There is no such transition - the US never succeeded in establishing a unipolar world, or even approaching such a state.
    Humanity will not benefit from the expansion of oppressive and authoritarian governance, regardless of its polarities. There are real problems, such as AGW, and such government is not competent in these matters.
    The influence of decades of multiple polarities of oppression can be seen now in Africa, South America, and SE Asia. Canadians and Australians have more freedom and liberty than Nicaraguans and Indonesians.
    And much more than Syrians, whose miseries are rooted in a multipolar world all of whose poles have plans that include Syria without consulting Syrians.
    So you claim. That's why you omit them from your analysis of military events in Syria, and ignore Iraq altogether.
    - - - - - -
    Not of their own underlings.
    Putin won. A unipolar criminal organization will often be more orderly than a multipolar one - whether that is a state of law as well as order depends on whether the wealthy and powerful are subject to it.
    No what? Nobody claimed China was a banana republic - the claim is that China knows very well what sovereignty is left to those who have lost control of their economic infrastructure, their ports and resources and productive land. It wasn't an occupying British army that held China in oppression for so long.
    China knows what it is doing.
    He's not almighty - he's just the guy running that criminal enterprise. He has the same kind of control as any mafia boss.
    Putin doesn't need to control foreign banks to shut down Russian embezzlement. He manages the Russian oligarchs. And the only people who would need to know all about the schemes in detail would be the oligarchs who were directed to ravel them or become enemies of Putin.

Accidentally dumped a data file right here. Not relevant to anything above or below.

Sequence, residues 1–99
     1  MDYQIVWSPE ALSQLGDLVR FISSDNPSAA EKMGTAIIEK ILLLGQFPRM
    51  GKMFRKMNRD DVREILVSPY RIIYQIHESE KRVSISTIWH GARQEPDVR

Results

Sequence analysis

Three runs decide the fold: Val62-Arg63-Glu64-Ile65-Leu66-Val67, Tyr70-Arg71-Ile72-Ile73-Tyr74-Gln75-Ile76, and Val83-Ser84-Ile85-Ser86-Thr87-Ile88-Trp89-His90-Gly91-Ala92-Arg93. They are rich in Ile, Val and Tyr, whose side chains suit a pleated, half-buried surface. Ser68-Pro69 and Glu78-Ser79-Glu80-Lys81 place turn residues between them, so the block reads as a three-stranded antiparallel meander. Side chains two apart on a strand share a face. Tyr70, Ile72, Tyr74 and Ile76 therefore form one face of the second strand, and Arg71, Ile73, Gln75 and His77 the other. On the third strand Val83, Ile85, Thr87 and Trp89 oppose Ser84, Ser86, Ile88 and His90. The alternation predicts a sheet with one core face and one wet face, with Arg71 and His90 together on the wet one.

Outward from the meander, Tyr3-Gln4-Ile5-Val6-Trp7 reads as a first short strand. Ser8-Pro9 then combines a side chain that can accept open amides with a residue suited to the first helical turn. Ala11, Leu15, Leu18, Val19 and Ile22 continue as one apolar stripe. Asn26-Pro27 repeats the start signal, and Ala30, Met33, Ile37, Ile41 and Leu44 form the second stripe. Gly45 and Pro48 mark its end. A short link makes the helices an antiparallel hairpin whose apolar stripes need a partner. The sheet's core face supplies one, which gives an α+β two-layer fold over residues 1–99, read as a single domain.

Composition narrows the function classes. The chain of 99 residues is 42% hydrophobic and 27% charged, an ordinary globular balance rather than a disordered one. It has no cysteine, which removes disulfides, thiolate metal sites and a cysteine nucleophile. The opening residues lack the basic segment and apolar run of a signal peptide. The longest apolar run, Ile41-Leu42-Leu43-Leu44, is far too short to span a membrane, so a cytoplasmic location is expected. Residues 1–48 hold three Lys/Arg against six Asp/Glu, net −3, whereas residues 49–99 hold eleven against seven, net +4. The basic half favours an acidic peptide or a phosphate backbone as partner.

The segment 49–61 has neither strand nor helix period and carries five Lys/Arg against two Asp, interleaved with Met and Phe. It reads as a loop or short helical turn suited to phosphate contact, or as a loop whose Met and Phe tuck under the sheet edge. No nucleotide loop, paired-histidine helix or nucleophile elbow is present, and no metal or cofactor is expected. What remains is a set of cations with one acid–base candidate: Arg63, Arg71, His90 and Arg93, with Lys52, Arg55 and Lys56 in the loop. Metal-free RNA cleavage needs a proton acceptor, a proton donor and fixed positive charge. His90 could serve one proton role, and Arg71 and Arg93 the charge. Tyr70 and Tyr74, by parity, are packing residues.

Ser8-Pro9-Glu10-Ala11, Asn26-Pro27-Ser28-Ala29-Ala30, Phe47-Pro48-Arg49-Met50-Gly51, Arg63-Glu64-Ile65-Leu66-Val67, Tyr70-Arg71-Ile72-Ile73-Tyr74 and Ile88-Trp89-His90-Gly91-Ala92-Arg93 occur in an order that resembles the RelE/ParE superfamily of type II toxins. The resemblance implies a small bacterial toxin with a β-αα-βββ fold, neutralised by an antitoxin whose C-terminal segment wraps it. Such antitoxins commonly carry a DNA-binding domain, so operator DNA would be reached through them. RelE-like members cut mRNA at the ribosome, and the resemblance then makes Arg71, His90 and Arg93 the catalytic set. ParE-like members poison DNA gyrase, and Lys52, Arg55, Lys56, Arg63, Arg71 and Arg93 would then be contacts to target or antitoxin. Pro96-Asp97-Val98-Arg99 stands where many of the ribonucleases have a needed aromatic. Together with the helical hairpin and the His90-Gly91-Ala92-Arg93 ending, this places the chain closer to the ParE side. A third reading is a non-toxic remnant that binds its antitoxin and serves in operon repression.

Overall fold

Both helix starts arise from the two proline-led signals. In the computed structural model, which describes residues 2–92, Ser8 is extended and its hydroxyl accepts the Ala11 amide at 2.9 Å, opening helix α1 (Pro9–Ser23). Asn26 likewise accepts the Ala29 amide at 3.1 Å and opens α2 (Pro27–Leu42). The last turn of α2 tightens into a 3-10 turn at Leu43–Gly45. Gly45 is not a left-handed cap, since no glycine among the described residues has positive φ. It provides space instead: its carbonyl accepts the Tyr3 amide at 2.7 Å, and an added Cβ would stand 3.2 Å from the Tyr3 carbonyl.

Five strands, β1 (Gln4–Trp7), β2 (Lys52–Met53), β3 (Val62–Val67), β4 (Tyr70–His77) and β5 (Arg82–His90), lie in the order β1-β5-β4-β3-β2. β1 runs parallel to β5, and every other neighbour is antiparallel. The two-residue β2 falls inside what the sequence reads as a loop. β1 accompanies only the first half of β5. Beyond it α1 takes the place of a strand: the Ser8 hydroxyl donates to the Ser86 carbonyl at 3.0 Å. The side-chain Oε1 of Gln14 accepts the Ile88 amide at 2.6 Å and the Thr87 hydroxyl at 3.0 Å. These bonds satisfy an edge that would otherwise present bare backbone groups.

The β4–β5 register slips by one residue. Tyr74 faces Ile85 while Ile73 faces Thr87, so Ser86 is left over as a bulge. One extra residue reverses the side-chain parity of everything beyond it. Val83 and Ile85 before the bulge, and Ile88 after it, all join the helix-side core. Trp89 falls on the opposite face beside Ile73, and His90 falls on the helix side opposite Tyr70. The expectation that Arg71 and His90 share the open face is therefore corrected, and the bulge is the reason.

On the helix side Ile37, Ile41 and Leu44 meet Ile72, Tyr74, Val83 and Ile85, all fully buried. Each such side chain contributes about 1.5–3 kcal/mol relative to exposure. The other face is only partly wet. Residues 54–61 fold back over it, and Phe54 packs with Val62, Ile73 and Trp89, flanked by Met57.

But that is never going to happen, as you well know.
    Yes. For example, the long delay between the most recent round of US Congressional sanctions on Russian oligarchs and the Trump administration even beginning to enforce them was quite valuable to those oligarchs - that alone paid for the out of pocket expenses of influencing the US Presidential campaign.
    Last edited: Jul 12, 2018
  13. CptBork Robbing the Shalebridge Cradle Valued Senior Member

    When's the last time the US made refugees out of half a country? If you want to blame America and Israel for the violence in Syria, why are millions of refugees choosing homelessness in desert tent camps rather than returning to areas they lived in under Assad's rule? Why are they fleeing to areas under US, Israeli and allied control rather than away from them? Do you buy Schmelzer's excuse that they're living in luxury hotels on German welfare?

    No it doesn't add up, and screaming over and over that Zionists are to blame for everything doesn't change that, anymore than yelling about a flat Earth makes it flat, as growing numbers of conspiracy morons are now thinking.
  14. Schmelzer Valued Senior Member

    There is good news from Syria, the city of Daraa is now under full control of the Syrian army, and this has been reached without any further fighting. For some fighters who did not like this, a transfer to the Western part of Daraa was organized.

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    In this map, this is not yet fixed:

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    Yadudah and Musayrib are also already under Syrian army control. In Inkhil the heavy weapons are transferred now to the Syrian army. So, it looks like that all the region under FSA/Al Qaida control will be given up, and those who want to continue the fight will switch to IS.
    Of course, for those who rule the world, it is easy to see that they cannot rule everything. In some sense, not even close. But the US was the only remaining superpower, and nobody has openly questioned their rule. And they have heavily influenced the whole world, made it worse.